Keywords: Exclusion of evidence (s.24(2) Charter); arbitrary detention (s.9 Charter); search and seizure; speculation; conjecture; Crown appeal; s. 676(1)(a) Criminal Code.
Synopsis: Constable Raymond of the RCMP was stationed in an unmarked vehicle patrolling Highway 2 near Moncton. He recorded the Respondent, Mr. Brodeur, travelling in his vehicle above the posted speed limit using radar and pulled him over. The officer approached the passenger side of the vehicle and detected an odour of perfume. Based on his 23 years of experience and training, perfume is sometimes used by transporters of raw marihuana to camouflage its smell. Eventually the perfume dissipated and Cst. Raymond could smell the raw marihuana. The Respondent was placed under arrest and 14 pounds of the drug were located inside non-vacuum sealed Ziploc bags in the vehicle. At trial, the judge accepted Brodeur’s testimony including speculative evidence concerning what Cst. Raymond was doing while following him prior to the roadside stop. The trial judge rejected virtually all Cst. Raymond’s evidence and the C.A. commented “to be frank, the trial judge concluded the police offer perjured himself about virtually every aspect of the interception” (at para. 11). The judge refused to admit the seized marihuana into evidence as it constituted a violation of Brodeur’s s.9 Charter rights and could not be saved under s.24(2). In the absence of the seizure, the trial judge rendered a verdict of not guilty.The Attorney General appealed arguing the trial judge made critical findings based on speculation and conjecture constituting an error of law. Appeal allowed. The N.B.C.A. set aside the verdict and ordered a new trial.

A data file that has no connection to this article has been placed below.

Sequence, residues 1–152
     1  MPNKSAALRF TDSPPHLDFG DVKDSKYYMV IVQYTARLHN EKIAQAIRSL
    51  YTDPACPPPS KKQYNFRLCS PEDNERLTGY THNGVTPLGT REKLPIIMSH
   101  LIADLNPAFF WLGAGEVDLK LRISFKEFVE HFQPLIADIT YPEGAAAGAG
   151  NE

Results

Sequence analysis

Importance: Bell, J.A., noted both the N.B.C.A. and the S.C.C. have affirmed that conjecture and speculation on the part of a trial judge may constitute an error of law which the Crown may appeal (R. v. Martin, 2010 NBCA 41 at para. 36; R. v. Rousseau,  2 S.C.R. 38 at para. 16; R. v. Dubois,  2 S.C.R. 21 at para. 1). After a thorough review of the trial record and decision, Bell, J.A. concluded the trial judge erred in making a number of speculative conclusions in light of the totality of the evidence. The trial judge speculated on Brodeur’s rate of speed while in the passing lane and further when concluding the officer was either truthful or deliberately misleading the court in his testimony. The trial judge erred in his factual conclusions concerning contents of a video which captured Cst. Raymond’s interaction with Brodeur. It was an error for the trial judge to use the video to discredit Cst. Raymond by concluding the officer exited his vehicle and only had a two second window to key in Brodeur’s licence plate number. The trial judge further speculated it would be impossible to smell perfume as one walked up to a vehicle in the rain and imputed this to the officer’s credibility concerning detection. Trial evidence revealed a bottle of AXE perfume was both open and in plain view of Cst. Raymond. The Court concluded:
“…the trial judge made several conclusions in the course of the voir dire that were neither rational nor based on the evidence. It is not his findings of fact that I consider to be errors that would allow me to overturn this acquittal. Rather, it is the fact the judge applied the wrong legal test to determine the facts, just as he had done in Martin and Tran” (at para. 47).
Counsel for Appellant: Nicole Poirier, Q.C. (Justice Canada, Moncton)
Counsel for Respondent: James Matheson (James Matheson, Riverview)